The World Health Organisation has announced that Nigeria has joined an alliance aimed at globally ending AIDS in children by the year 2023.
The WHO stated that the alliance is targeted at ensuring children living with HIV are not denied treatment by the end of 2030 and new infant HIV infections are prevented by that time.
The global health agency disclosed this on Tuesday, in a joint news release with The Joint United Nations Programme on HIV/AIDS and United Nations Children’s Fund.
The WHO explained that the alliance named Global Alliance for Ending AIDS in Children by 2030 was brought about because of the disturbing concern regarding the wide gap between the HIV percentage of children and adults.
It added that the announcement of the alliance was made by leading figures at the International AIDS Conference that took place in Montreal, Canada.
“According to the data that has just been released in the UNAIDS Global AIDS Update 2022, globally, only half, 52 per cent of children living with HIV are on life-saving treatment, far behind adults where three quarters, 76 per cent are receiving antiretrovirals.
“UNAIDS, UNICEF, WHO, and partners have brought together a global alliance to ensure that no child living with HIV is denied treatment by the end of the decade and to prevent new infant HIV infections,” it said.
“The alliance will run for the next eight years until 2030, aiming to fix one of the most glaring disparities in the AIDS response. Alliance members are united in the assessment that the challenge is surmountable through partnership,” it added.
The UNAIDS Executive Director, Winnie Byanyima said, “The wide gap in treatment coverage between children and adults is an outrage.
“Through this alliance, we will channel that outrage into action. By bringing together new improved medicines, new political commitment, and the determined activism of communities, we can be the generation who ends AIDS in children. We can win this – but we can only win together.”
Also speaking on the same note, the WHO Director-General, Dr. Tedros Adhanom Ghebreyesus said, “No child should be born with or grow up with HIV, and no child with HIV should go without treatment.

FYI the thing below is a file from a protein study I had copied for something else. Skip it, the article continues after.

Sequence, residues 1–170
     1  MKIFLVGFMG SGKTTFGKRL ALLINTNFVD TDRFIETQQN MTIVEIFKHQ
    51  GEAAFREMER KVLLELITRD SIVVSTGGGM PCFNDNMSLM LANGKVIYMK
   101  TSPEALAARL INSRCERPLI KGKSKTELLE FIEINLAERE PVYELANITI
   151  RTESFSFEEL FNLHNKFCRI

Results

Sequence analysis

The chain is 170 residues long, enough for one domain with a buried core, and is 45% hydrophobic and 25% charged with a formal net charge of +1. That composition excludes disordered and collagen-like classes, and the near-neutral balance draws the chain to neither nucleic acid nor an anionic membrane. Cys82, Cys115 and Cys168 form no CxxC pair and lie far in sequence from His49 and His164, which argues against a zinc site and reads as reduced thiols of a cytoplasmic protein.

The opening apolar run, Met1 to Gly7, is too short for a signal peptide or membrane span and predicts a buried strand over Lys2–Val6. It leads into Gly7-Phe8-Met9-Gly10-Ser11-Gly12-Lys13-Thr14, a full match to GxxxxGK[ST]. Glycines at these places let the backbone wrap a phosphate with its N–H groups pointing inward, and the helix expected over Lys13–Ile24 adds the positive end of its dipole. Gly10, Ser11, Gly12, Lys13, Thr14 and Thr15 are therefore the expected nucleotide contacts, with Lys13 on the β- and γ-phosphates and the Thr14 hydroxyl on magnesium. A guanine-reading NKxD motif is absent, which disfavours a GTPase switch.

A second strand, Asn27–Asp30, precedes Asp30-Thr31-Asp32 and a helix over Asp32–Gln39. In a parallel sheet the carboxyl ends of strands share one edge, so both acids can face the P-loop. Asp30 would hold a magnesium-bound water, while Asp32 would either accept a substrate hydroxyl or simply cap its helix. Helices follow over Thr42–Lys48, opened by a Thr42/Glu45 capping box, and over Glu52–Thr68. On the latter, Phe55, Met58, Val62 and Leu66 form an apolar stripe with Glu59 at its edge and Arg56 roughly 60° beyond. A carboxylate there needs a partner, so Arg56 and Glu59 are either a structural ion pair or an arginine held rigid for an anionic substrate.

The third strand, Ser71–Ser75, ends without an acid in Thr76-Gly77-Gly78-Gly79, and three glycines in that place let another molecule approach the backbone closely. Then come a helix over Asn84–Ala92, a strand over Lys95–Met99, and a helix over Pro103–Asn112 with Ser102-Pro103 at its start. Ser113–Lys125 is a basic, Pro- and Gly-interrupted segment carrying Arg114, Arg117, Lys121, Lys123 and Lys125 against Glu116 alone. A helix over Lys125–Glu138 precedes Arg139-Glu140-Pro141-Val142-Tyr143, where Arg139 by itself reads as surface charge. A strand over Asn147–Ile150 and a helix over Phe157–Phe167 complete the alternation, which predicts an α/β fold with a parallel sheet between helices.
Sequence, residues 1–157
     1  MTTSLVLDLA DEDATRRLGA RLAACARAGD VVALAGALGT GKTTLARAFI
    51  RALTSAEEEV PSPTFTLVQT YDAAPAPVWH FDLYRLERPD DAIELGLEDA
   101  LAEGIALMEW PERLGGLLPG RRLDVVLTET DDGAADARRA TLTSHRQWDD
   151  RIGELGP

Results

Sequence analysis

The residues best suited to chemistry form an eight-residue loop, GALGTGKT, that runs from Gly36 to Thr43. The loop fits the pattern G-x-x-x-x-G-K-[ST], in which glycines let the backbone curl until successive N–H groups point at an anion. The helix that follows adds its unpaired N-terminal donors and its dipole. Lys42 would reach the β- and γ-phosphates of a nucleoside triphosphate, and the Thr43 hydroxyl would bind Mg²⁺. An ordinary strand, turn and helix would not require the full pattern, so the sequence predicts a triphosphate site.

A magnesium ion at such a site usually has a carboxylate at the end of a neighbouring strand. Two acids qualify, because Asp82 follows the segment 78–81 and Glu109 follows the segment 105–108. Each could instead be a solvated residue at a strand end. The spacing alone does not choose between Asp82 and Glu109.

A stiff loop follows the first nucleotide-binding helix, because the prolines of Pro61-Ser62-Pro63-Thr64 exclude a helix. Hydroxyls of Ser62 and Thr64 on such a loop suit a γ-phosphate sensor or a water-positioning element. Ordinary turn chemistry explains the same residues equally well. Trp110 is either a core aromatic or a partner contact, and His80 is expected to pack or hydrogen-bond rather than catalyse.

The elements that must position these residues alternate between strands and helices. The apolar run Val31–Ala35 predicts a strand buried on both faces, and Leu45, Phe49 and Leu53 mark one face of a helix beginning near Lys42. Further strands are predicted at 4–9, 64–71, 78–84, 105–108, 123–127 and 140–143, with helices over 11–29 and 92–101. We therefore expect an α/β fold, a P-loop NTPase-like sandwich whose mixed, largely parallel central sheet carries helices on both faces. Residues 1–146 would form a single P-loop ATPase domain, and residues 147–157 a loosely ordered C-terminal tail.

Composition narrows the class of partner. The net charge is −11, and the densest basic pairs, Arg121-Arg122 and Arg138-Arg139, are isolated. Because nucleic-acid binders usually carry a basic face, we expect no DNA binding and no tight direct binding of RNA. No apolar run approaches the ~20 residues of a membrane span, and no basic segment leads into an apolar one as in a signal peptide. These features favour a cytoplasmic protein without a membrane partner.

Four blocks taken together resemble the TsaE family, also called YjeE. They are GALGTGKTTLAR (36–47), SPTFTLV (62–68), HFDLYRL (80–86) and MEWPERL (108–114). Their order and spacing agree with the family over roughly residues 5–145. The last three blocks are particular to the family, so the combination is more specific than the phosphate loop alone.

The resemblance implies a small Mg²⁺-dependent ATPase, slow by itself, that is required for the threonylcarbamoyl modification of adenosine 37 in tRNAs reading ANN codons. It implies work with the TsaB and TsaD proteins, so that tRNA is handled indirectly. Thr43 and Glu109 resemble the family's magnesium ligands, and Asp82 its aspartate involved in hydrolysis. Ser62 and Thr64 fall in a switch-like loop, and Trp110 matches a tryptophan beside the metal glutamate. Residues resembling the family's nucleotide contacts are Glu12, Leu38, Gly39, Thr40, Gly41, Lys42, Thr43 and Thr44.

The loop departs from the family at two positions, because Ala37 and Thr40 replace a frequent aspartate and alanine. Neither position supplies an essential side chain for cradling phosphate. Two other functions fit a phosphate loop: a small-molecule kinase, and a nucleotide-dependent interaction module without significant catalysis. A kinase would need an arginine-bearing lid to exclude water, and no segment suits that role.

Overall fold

“The fact that only half of the children with HIV receive antiretrovirals is a scandal and a stain on our collective conscience. The Global Alliance to End AIDS in Children is an opportunity to renew our commitment to children and their families to unite, to speak, and to act with purpose and in solidarity with all mothers, children, and adolescents.”
In addition to the UN agencies, the WHO said, the alliance includes civil society movements, including the Global Network of People living with HIV, national governments in the most affected countries, and international partners, including PEPFAR and the Global Fund.
The first phase of the alliance also comprises 11 other countries including; Angola, Cameroon, Côte d’Ivoire, the Democratic Republic of the Congo, Kenya, Mozambique, South Africa, Uganda, the United Republic of Tanzania, Zambia, and Zimbabwe.
The global health agency further stated, “Consultations by the alliance have identified four pillars for collective action; closing the treatment gap for pregnant and breastfeeding adolescent girls and women living with HIV and optimizing continuity of treatment.
“Preventing and detecting new HIV infections among pregnant and breastfeeding adolescent girls and women; Accessible testing, optimized treatment, and comprehensive care for infants, children, and adolescents exposed to and living with HIV; and Addressing rights, gender equality, and the social and structural barriers that hinder access to services.”
According to the WHO, the Minister of Health of Nigeria, Dr. Osagie Ehanire, vowed to change the lives of children left behind by establishing systems set up to ensure the needs of children living with HIV are adequately met.
He also announced that the country will host the alliance’s political launch in Africa in October 2022.
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